Although these days I write about the digital world, in the past I’ve worked covering concerts and other in-the-flesh events. That means I’ve seen a lot of event pages. And most of them fell into a few different categories.
Some were all style, no substance. They’d have giant photo backgrounds and animated intros, but once the strobing graphics stopped, you’d find yourself clicking the same few links over and over in the hunt for a simple event schedule.
Some were visually stuck in 1997, put up quickly by organizations with too many other things to do to be bothered with web design. Pages like these may have the virtue of conveying information clearly, but they don’t necessarily prepare attendees to expect a well-run, modern event.
Some were even more basic than that, and lived only on Eventbrite or another ticketing service site. Eventbrite pages can get the job done—they are, at the least, going to smoothly allow visitors to purchase tickets—but they’re unlikely to be beautiful. The page template is bare bones, and the text fields are sometimes used as a dumping ground for way too much disorganized information.
And some were just right. They contained clear logistical information alongside compelling event highlights. They looked good, with design choices that reflected the event’s intended audience. They made their signup buttons easy to find.
Whether or not any given event would have one of these high-quality pages seemed almost a matter of chance. But it shouldn’t be that way—and that’s why we’ve created our new Event Series Landing Page template to give to you. Download your free copy here, or read on to learn more:
If you’re already a LeadPages® member, this template is already waiting for you inside your account—just look for the Event Series Landing Page when you log in. If you’re not a LeadPages® member, you’ll need to download the files, edit them to make any changes you’d like, and host them on your own site (or pass them along to your web developer if you’re not a coder yourself).
This new template immediately orients visitors with a lightweight internal navigation menu. Here’s how it works:
(Of course, you can also use this menu to link to external pages if you need to build this page into a larger site.)
The Event Series Landing page isn’t the first template we’ve released that’s geared especially for live events, but it is unique in that it’s designed to accommodate a series of events, instead of just a one-off. And that means you can keep the same page up longer, rather than having to overhaul the page or build a new one every time you add a date.
After getting an introduction to your event series or your organization at the top, visitors can scroll or click down to this section, which has space for up to 3 events:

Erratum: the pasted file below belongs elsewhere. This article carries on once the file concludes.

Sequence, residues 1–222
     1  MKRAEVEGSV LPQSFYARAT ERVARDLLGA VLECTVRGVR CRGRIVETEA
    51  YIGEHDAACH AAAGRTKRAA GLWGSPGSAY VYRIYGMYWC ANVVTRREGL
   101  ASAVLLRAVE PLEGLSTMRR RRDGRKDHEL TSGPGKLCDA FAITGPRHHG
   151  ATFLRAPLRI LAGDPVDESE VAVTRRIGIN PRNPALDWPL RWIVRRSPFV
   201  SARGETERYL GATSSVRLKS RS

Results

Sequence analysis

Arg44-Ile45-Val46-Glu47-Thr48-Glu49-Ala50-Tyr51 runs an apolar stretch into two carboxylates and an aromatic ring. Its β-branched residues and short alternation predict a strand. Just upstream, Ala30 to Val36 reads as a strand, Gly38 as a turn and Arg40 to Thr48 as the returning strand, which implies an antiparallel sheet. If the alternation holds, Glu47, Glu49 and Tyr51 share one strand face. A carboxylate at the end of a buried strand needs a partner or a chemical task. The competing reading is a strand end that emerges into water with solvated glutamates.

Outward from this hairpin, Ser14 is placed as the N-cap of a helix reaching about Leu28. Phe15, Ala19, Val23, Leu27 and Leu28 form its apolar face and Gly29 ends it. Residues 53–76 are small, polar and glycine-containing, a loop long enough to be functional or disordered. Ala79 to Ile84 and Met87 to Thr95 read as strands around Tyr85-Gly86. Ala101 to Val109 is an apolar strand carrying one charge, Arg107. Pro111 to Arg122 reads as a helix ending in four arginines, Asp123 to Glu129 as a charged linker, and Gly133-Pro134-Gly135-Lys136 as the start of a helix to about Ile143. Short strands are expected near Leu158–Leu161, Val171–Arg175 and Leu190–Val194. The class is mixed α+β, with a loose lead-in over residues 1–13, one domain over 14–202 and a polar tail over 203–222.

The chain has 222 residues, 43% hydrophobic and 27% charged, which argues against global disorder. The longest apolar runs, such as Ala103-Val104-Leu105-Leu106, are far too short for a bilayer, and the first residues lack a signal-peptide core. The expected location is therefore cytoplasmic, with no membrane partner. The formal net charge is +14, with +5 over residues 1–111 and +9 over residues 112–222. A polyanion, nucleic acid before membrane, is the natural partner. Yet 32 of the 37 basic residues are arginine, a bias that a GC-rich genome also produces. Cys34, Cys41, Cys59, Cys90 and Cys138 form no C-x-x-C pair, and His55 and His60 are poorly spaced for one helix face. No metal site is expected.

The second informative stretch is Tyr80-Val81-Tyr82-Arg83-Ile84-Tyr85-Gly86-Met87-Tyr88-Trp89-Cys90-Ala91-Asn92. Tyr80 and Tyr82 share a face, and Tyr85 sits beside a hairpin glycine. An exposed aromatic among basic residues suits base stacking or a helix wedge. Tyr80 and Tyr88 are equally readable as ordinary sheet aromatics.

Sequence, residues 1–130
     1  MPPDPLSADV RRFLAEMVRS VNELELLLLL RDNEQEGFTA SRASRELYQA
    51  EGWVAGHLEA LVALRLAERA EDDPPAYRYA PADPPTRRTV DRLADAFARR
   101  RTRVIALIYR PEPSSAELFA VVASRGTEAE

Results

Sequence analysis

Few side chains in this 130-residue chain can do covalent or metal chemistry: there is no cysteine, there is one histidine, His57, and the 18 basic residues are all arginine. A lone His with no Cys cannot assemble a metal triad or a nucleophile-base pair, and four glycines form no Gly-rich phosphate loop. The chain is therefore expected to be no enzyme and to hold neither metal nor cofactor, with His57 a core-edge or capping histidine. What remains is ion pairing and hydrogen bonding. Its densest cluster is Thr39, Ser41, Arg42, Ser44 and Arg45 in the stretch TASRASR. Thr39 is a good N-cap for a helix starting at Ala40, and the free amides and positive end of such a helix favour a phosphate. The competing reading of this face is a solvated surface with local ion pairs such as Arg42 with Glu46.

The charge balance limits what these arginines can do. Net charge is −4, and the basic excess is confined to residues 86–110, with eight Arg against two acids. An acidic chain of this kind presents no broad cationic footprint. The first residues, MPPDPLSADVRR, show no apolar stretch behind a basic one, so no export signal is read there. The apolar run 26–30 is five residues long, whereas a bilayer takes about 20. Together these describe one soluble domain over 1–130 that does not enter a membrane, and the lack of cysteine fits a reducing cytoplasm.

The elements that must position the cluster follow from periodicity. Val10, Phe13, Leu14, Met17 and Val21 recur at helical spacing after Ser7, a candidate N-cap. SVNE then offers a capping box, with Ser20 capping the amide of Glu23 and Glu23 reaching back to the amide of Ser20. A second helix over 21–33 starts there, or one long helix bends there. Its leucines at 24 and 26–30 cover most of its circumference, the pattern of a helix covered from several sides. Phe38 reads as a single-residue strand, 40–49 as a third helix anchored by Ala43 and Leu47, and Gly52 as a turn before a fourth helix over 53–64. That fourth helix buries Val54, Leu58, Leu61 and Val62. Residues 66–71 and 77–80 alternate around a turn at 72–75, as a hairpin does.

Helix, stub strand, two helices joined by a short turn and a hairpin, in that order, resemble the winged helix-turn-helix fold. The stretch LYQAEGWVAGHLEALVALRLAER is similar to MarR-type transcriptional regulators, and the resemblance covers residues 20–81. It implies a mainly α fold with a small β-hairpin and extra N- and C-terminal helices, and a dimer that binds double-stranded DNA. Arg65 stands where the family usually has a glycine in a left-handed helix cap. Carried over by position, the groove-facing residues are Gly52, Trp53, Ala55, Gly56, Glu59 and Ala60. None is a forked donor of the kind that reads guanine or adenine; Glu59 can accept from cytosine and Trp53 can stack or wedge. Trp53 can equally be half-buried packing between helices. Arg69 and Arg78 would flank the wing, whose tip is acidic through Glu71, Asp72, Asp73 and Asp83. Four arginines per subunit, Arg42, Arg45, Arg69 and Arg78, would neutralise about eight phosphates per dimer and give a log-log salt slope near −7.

In this example, this section is used to showcase events in 3 different cities, but you can easily update it to showcase options such as:
- Different locations within the same community (such as yoga classes at different parks)
- Different dates for the same location (such as a series of related concerts)
- Options for different groups of customers (such as a 1k, 5k, and 10k race)
- Different pricing or ticketing options (such as different access levels or seating sections)
Whether or not you use it for multiple events, the Event Series Landing Page contains several elements that should be standard on any event page. Here are 3 of the most important:
1. It’s mobile responsive.
That’s true of every landing page template LeadPages creates, but it’s especially worth noting here. This page is designed to be a useful resource for attendees even after they’ve signed up, and it’s likely they’ll be consulting it on their way to the venue or even during the event.
That means they’ll be viewing it on their smartphones, so it’s important for the page to look and function just as nicely on a smaller screen. Because it’s built with mobile in mind, this page also makes it easy for people to sign up when they’re not near a computer—for example, when they’re reading event listings in the local alt-weekly, or when they’re checking out a poster on a bulletin board.
2. It’s informative, but not overwhelming.
The layout of this page allows for the essential details of an event: time, location, agenda/lineup, headliners, and FAQs to answer whatever prospective attendees might need to know before they go.
All this information could add up to a lot of text, but this page feels almost airy. Optional photo and video slots break things up, while 2 stylized photo background sections offer a chance for you to convey the vibe of your event subtly without adding length to the page.
3. It keeps the calls to action focused.
You may want people to do a number of things when they arrive at your event page—not only buy a ticket, but perhaps share on social media, subscribe for notifications, upgrade their ticket package, invite a friend …
That’s understandable, but loading up your event page with too many calls to action can be counterproductive. Instead, we’d recommend that you focus on making the initial ticket sale (or registration, if your event is free). Then, once they’ve signed up, you can reach out via email to prompt any additional actions you’d like them to take.
When you’re signing up for an event, what do you like to see on the event page? Tell us in the comments.